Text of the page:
In February 2002, Joanne Jacobs wrote a feature article for Reason on Edison Charter Academy’s battle for survival with the San Francisco school board. She also wrote about how student test scores, which had been going up, dropped in 2001. The article subtitle said it all: “Unlike district schools, Edison Charter must succeed to survive.”
The Edison Charter Academy could be a poster child for charter schools across the nation: If they do not succeed; they are shut down. This is the great strength of the charter school movement–real accountability and real results. Today, Edison schools lives up to that standard in San Francisco and honors charter schools everywhere.
As Joanne Jacobs writes at her website:
Edison Charter Academy soars in SF
“It was the worst elementary school in San Francisco when Edison Schools Inc. took over four years ago. For two years as a charter school, scores went up. But the numbers fell sharply in spring 2001, as the SF school board launched a campaign to revoke the charter. Edison’s critics gloated.
Today, Edison Charter Academy’s Parent Teacher Council announced the results of the spring 2002 state tests: Scores are up in every subject and in every grade, exceeding the state targets by a large margin in all but one of 16 categories.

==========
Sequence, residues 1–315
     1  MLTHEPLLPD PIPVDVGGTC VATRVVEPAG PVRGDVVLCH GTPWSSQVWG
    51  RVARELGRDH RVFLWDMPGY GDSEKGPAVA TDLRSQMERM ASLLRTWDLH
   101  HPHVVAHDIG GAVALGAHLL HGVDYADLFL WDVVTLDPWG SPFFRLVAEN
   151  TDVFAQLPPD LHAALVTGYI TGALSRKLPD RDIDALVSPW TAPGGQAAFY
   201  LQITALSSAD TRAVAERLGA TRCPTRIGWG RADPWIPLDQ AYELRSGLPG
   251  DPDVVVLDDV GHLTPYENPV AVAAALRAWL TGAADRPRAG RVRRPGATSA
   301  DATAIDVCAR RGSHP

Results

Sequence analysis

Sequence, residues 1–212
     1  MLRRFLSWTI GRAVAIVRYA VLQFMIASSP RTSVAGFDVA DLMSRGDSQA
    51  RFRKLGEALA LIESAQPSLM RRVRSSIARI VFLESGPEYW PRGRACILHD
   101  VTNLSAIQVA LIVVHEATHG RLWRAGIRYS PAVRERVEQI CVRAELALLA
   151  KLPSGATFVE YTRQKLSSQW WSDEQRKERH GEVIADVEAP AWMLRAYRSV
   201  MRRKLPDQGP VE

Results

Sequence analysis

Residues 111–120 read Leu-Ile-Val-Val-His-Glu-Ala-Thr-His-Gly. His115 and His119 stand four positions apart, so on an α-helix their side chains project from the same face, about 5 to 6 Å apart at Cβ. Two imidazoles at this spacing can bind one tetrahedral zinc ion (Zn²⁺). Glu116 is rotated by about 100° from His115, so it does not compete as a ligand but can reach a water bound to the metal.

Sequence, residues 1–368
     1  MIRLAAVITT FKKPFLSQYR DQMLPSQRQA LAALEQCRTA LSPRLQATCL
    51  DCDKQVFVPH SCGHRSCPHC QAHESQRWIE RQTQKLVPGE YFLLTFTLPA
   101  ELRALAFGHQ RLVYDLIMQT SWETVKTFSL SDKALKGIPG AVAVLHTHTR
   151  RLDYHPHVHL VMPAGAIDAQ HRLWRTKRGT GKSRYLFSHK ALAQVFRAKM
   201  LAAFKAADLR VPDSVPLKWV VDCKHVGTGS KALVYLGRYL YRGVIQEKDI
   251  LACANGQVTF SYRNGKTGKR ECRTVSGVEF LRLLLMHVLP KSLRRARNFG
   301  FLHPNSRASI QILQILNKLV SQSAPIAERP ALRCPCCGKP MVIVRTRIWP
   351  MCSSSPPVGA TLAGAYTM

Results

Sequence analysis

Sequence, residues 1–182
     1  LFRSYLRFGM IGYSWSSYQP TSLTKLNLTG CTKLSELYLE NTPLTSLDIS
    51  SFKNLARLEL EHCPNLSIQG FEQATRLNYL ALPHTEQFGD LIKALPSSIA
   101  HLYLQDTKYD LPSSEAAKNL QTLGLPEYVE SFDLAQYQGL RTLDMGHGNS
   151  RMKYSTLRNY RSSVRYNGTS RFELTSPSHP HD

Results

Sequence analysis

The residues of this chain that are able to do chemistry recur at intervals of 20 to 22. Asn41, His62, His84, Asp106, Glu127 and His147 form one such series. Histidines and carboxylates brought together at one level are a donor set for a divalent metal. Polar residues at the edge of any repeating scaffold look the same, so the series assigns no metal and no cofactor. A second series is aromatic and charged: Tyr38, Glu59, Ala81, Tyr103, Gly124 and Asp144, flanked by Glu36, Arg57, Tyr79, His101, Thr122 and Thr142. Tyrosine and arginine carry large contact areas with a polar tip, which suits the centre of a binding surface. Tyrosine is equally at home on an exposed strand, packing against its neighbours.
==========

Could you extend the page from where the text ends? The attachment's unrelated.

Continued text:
One graph follows the class of 2002: As second graders, only 14 percent scored at or above grade level in reading, 26 percent in math; by the end of fifth grade, 43 percent were at or above grade level in reading, 48 percent in math.
The spring 2002 scores for second graders start where the older students ended: 45 percent of younger students read at grade level or above; 47 percent in math.
The school – now chartered by the state board of education – tested 100 percent of students in second through fifth grade.”
- Threatened by Success: One charter schools fight against the education establishment
- Watching the Numbers: Unlike district schools, Edison Charter must succeed to survive.
Contrast, Edison’s strategy for raising student achievement with this failing public school in Florida reported in the Orlando Sentinel:
In Florida administrators and teachers at one failing elementary school tell students that “F” grades are positive.
“For Jeremy Hunter, the F-grade given to Mollie E. Ray Elementary this past spring does not mean the school is failing.
The 11-year-old fifth-grader said it stands for fantastic or fun. . . .
Clad in navy shirts with “F = Fantastic” printed on the back, Mollie Ray teachers said they plan to reinforce that message throughout the year as they work to improve test scores. The northwest Orlando school is among 10 statewide that received failing grades for the second time in four years.”
You will notice that no school board is moving to shut down Mollie E. Ray Elementary. When the power of positive thinking does not lead to test score improvements, students will continue to waste away in their “fun” and “fantastic” elementary school.
When it comes to accountability, charter schools win hands down.
Lisa Snell is director of education and child welfare at Reason Foundation. She formerly taught speech courses at California State University, Fullerton.